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System Dynamics models

System Dynamics (SD) is a widely-used graphical notation for representing continuous systems. A System Dynamics diagram typically contains four main types of element: compartments, flows, variables and influences. Compartments represent storages of material, and the flows represent movement of the material into, out of and between compartments. Simile was designed as a 'System Dynamics plus objects' language, so naturally it is straightforward to represent standard SD models in Simile.

Chapter 2. Standard simulation modelling approaches

This chapter describes the standard simulation modelling approaches and how Simile fits in.

Open format for saved models

When you save a Simile model, it is saved as a text file in Prolog syntax. While it is not (and is not meant to be) human-readable, the format for this file is totally transparent. Anyone (with access to a Prolog programmer) can write programs for working with this file. One example is the Simile html model-description generator, a stand-alone Prolog program which produces an html file giving a complete description of any Simile model from the saved-model (.sml) file.

Generates models that can be interfaced to other software systems

Simile generates a computer program for running the model. It is possible to wrap this program up (for example, as a DLL or as a COM component) so that it can be embedded in other software systems. One example would be for a GIS which is capable of having software modules embedded inside it.

Supports user-developed run-time input/output tools

In most, if not all, other modelling environments, you as the user are stuck with the input and output (display) tools provided by the software developers. This may not matter much if you are working in a specialised area such as electronics. It matters quite a lot for a generic modelling environment, when the range of systems that models can be developed for is so vast, and users requirements for visualising the behaviour of the model are so varied.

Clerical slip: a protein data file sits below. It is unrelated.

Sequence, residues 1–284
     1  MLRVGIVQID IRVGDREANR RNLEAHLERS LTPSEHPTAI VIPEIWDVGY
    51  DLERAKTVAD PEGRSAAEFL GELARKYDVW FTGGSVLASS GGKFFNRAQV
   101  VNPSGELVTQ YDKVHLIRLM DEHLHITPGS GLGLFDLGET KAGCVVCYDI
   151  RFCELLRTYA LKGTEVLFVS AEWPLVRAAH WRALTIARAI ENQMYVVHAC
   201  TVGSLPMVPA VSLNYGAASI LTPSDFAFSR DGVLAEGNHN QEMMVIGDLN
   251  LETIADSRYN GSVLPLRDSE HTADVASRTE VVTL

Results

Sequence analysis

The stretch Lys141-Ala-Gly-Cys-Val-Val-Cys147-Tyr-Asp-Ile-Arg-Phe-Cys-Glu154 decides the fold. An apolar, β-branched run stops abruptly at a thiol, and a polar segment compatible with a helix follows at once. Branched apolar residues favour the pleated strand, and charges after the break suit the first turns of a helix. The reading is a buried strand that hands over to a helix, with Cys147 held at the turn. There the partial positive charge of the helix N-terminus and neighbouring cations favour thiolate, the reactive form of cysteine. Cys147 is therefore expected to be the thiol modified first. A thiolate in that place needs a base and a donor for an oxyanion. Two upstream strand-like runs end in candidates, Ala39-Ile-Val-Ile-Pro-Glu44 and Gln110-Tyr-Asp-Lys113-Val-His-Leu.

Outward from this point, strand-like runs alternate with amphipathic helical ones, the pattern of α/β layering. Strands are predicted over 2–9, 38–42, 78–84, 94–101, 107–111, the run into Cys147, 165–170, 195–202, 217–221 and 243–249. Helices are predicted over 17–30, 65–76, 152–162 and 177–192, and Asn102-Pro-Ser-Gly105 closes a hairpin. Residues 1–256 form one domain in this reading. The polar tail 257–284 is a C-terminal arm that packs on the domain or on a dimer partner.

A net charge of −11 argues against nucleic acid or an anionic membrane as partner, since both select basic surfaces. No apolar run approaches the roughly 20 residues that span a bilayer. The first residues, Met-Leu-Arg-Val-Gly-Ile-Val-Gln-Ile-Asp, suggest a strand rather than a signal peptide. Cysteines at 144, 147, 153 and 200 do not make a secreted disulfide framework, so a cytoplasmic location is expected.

Supports modular modelling

Simile's submodel concept provides a flexible but powerful approach to modularity — building a model up from a number of modules or components. At one extreme, Simile supports plug-and-play modularity: you can simply load a submodel, select an interface file, and all the links between the submodel and the main model are automatically made. This enables a community of researchers to agree on an interface standard, then engineer submodels to that standard.

Generates computationally-efficient models

Simile simulates the behaviour of models by generating a computer program and then running this program. The standard language used is Tcl/Tk, which is an interpreted language and hence does not run particularly fast, roughly of the same order as other visual modelling packages. However, if you have a recommended C++ compiler installed, then you can simply choose to run the models in C++ : the whole run-time environment is identical. Models then run several hundred times faster : in many cases, roughly at the same speed as hand-written C programs.

Handles large and complex models

Simile is capable of handling models with several hundred equations. It is also capable of handling models with large number of instances (tens of thousands) of the same type of object. Both aspects mean that you do not hit a bottleneck as you move from prototype models to serious research models.

Expresses a wide range of modelling concepts

Many models are developed within a particular modelling paradigm (using the term paradigm in the dictionary sense of “a conceptual framework within which scientific theories are developed”). Thus, a particular model might be described as differential equation model, a System Dynamics model, an age-class model, a spatial model, a cellular automaton model, an object-oriented model, or an agent-based model. Some large-scale ecosystem models do combine two or more paradigms, but these tend to be implemented as large, unwieldy programs.

Smooths the transition from conceptual to mathematical modelling

Modelling is not just about producing results through running a simulation model. It is a social activity, involving many people (other researchers, managers, local people) who are able to contribute to the formulation of a model, but who have no wish to model themselves. Because of Simile's intuitive interface, including familiar, every-day concepts such as stock, flow, influence and object, many people are able to contribute to the model-design process; while the modeller knows that the result of the conceptual-modelling phase can be gradually fleshed out to produce a fully-defined model.


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